Even buying a pint of "cooking" was like sitting an extended oral exam for your Masters in Halitosis. "Special" and the maltier brews were reserved for the Old Campaigners - the CAMRAts as the malcontents called them - and the dreaded Porter Police.
Jethro shuddered, and turned to the flickering Amstrad with its fashionable tweed trim. His job was to bring films into line with Campaign teachings. No lager, no grooming and no girlfriends, unless they were chaste and mumsy barmaids.
There were technical teams tasked with etching beards onto Bogart, cutting Grace Kelly's highballs down to halves of shandy, and curling Private Walker's Woodbines into Bent Rhodesians.
Jethro was a writer, and had to recast dialogue to accommodate tepid ale, flannels and cricket in every imaginable plotline, while excising references to non-comic sex. This proved surprisingly easy with most British films, and hardly needed doing to anything before 1954, but Jethro took grudging pride in his adaptations of the French New Wave and Italian Neorealists.
"Les Quatre Cents Coups" became a teenage seaside musical, and "La Dolce Vita" followed a Brummie motorcycle rep as he persuaded Romans to dress warmly and appreciate the superior horsepower of the Triumph Bonneville.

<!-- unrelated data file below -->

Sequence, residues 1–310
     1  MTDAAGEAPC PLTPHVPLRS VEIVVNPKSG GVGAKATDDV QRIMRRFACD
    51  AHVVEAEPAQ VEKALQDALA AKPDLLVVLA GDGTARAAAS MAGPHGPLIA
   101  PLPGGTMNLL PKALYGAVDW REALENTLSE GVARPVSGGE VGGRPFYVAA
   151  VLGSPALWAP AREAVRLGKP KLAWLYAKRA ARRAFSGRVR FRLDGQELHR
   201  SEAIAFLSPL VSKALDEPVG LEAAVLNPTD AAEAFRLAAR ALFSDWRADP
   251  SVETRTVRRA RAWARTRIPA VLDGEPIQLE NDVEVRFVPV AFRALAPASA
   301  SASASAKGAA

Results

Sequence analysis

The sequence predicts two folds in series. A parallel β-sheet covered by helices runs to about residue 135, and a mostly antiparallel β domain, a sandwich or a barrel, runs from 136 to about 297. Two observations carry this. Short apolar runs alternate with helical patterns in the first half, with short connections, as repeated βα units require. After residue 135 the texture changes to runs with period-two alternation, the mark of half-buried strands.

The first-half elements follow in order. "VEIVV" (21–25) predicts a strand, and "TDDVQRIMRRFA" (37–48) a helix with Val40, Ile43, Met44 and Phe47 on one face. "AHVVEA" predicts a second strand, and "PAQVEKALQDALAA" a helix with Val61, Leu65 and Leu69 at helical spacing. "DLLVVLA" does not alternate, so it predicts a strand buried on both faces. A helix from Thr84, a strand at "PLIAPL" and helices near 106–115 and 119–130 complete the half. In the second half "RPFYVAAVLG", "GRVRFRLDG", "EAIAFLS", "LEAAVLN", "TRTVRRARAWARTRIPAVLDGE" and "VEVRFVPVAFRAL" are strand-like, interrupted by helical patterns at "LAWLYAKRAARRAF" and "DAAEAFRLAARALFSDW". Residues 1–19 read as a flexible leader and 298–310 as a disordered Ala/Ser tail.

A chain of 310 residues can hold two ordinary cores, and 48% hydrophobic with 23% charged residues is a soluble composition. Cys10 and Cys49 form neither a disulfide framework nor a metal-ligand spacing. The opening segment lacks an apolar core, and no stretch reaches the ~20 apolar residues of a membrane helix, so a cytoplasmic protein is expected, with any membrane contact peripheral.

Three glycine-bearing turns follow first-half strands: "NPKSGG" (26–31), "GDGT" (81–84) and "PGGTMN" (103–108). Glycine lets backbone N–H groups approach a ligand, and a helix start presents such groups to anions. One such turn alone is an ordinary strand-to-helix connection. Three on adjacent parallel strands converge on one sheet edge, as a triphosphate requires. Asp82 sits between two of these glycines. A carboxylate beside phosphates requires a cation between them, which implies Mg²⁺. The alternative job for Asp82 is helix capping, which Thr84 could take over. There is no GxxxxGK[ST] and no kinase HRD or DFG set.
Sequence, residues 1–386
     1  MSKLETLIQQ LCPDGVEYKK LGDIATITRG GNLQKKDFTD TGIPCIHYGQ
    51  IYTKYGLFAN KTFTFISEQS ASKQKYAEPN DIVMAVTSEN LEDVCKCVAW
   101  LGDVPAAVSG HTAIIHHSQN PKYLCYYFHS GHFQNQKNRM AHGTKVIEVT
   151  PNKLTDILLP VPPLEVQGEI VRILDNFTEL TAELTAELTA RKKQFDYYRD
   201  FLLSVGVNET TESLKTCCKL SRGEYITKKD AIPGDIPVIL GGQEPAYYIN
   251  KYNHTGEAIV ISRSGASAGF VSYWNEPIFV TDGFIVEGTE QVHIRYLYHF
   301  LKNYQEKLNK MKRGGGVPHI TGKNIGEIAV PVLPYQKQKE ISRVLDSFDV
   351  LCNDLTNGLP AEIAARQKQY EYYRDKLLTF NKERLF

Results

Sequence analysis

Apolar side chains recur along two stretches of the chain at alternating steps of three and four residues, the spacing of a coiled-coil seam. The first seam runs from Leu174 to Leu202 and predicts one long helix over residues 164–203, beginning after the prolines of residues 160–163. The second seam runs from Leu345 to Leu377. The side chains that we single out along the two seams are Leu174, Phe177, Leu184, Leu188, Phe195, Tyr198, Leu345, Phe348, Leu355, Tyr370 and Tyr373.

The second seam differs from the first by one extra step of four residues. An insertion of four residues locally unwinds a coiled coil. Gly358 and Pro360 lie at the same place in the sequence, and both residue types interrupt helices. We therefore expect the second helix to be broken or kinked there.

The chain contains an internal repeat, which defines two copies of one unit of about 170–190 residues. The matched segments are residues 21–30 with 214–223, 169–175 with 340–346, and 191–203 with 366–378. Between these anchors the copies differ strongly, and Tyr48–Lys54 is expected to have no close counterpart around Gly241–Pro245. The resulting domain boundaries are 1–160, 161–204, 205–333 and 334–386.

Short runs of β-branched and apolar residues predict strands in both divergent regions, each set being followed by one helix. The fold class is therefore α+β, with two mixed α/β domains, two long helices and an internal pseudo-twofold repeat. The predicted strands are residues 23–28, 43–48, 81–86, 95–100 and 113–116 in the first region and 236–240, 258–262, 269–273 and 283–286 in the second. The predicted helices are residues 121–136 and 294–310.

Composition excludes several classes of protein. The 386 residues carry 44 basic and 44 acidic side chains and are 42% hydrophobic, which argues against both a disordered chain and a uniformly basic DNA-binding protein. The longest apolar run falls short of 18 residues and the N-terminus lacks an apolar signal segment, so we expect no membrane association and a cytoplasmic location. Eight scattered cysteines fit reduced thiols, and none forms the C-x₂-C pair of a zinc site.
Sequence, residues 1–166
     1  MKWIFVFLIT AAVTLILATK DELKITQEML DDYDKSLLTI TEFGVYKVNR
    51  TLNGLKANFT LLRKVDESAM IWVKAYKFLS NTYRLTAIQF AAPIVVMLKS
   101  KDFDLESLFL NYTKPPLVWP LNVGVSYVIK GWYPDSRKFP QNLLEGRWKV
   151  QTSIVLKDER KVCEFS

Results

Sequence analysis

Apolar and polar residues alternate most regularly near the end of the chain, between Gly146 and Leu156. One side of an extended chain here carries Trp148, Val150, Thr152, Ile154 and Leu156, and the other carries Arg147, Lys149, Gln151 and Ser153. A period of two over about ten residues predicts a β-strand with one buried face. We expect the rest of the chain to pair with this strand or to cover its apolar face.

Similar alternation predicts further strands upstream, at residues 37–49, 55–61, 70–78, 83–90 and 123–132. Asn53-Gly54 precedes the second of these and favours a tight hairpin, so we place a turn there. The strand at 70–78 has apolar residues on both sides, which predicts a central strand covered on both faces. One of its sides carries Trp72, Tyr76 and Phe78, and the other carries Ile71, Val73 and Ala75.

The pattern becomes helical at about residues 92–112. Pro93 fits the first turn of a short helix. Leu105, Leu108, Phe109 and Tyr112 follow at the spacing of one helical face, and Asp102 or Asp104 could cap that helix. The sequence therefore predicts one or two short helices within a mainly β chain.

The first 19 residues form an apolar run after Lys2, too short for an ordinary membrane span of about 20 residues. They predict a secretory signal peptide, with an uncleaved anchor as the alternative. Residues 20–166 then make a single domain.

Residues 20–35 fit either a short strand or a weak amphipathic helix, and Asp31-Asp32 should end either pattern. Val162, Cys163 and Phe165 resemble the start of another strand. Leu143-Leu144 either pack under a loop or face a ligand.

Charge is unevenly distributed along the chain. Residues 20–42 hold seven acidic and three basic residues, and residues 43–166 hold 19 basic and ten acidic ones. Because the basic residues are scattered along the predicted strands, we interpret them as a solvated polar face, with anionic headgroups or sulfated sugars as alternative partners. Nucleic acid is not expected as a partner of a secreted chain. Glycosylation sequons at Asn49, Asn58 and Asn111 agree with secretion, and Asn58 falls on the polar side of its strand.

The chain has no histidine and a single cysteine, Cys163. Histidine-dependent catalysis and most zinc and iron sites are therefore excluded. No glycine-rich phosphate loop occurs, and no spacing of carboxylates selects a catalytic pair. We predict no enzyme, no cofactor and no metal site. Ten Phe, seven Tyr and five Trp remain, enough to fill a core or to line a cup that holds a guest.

But Jethro knew his time was up. There, at the top of the pile, was his treatment of "Ice Cold in Alex". He had agonised over it for days, but could find no way of persuading even the most anoraked frothblower that the Desert Rats would have yomped through Libya, eschewing all that Afrika Korps beaded Pilsener, for the promise of a cloudy tankard of Champion's Speckled Johnson.
With a reflective "Fuck this", Jethro rolled up his radical reworking of the John Mills classic as "Warm and Soapy in Suez", a 70s sex romp, jammed it in the pneumatique and stomped off down The Tethered Goat.
The Goat looked like any Camrastan ale house. Walls as jaundiced and uneven as the landlord's teeth, faintly amusing notices to the toilets, a bar pocked with men in broken spectacles peering through the murk of their pintpots at some point below the barmaid's chin, and an aroma of dog and slipper tainting the Burley fug.
Jethro nodded to the barmaid. "Pint of Johnson?" she asked. "The Abdication Special," he wheezed. "I'll need to check the cellar." She left the bar and unlocked a door tucked away behind a screen. Returning a moment later, she said "It's off". Jethro nodded and, while no one was watching, slipped through the unlocked door.